When viewed in person, Kossoff’s “anti-photogenic murk” illumes into storm-tossed, chthonic color and deep, churning textures chockablock with slabs, scrapes and strings of oil paint. One of the most striking paintings in the current show is “View of Hackney with Dalston Lane, Dark Day (1974), a scene evidently outside the artist’s studio window, where the sky, teeming with horizontal smears, streaks and whorls of thick gray paint, is compressed into a narrow band by the relentless upward and outward pressure of the rooftops, building facades and trees.

This brooding picture is a perfect example of Kossoff’s uncanny mastery as a colorist. The colors are all within a narrow tonal range, with major passages bordered in black like a stained-glass window, and yet each one subtly reinforces the other: the individual colors smolder with a sulfuric intensity, while their sober, sunless aggregate interacts simultaneously as a solid wall of pigment and an exultation of shadows.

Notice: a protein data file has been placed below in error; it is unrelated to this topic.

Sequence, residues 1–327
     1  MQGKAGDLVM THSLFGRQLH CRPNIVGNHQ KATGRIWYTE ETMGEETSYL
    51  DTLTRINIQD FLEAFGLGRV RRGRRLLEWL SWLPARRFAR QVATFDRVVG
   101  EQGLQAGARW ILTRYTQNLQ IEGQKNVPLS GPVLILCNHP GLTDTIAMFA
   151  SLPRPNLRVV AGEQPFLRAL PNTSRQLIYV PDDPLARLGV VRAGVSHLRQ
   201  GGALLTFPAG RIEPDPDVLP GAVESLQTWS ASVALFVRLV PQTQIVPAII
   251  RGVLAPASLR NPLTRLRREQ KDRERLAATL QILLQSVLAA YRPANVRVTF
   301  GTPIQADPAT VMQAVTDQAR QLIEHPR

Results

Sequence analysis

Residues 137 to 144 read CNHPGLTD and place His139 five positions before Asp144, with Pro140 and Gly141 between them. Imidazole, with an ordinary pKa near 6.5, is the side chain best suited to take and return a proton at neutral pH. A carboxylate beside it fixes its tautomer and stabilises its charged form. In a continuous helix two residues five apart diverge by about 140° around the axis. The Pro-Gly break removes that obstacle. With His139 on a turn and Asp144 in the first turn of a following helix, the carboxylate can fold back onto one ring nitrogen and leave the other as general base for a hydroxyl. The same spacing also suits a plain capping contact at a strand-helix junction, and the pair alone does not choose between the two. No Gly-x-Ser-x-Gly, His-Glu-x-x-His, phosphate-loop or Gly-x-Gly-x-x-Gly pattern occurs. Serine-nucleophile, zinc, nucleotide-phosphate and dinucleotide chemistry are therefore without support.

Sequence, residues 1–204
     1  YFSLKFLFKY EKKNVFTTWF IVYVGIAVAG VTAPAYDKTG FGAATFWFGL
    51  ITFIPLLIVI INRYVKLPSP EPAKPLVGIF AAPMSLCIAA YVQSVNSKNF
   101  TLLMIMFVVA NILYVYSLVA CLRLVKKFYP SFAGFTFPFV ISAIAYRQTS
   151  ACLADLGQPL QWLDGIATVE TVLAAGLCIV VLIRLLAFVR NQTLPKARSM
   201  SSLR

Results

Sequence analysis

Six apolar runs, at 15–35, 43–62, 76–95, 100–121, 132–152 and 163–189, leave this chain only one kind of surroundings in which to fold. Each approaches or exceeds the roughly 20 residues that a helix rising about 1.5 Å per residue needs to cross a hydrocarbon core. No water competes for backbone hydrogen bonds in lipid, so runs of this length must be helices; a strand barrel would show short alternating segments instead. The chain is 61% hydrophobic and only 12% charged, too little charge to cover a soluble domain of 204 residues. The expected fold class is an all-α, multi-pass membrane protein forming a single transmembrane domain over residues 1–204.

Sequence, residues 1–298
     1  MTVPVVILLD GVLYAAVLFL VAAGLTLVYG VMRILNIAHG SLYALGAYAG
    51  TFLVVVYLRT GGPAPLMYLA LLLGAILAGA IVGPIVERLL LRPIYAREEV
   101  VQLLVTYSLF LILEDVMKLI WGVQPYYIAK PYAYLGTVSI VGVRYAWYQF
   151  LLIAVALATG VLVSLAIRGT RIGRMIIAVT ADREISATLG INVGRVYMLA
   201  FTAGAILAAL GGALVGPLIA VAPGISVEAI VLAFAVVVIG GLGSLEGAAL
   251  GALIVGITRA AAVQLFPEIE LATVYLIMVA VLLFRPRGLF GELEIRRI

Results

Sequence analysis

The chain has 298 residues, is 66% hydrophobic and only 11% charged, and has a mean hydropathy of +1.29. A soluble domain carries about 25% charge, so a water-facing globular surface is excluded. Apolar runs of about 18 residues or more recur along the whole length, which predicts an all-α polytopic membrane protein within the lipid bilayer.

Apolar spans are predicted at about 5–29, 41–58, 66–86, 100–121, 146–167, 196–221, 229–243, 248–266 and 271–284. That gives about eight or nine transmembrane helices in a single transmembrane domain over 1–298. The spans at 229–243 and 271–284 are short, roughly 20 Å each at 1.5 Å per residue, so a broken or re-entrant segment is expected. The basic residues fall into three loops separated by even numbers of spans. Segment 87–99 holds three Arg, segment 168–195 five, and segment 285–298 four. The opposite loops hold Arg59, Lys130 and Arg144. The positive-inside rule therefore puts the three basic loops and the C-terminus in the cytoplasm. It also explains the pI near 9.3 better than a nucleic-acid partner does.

Kossoff’s colors seem to emerge, as if destined to be there, from inside the terrains of paint he scoops onto the surface.  Paradoxically, his most exquisite paintings are the ones whose tactility approaches the sculptural, their colored masses resolving into both representation and object. Works such as “City Building Site” (1961), which was included in the 2009 show, or “Between Kilburn and Willesden Green, Spring Afternoon” (1991), are as much chunks of paint, thrusting out into real space, as they are two-dimensional images.

Leon Kossoff, “City Building Site” (1961)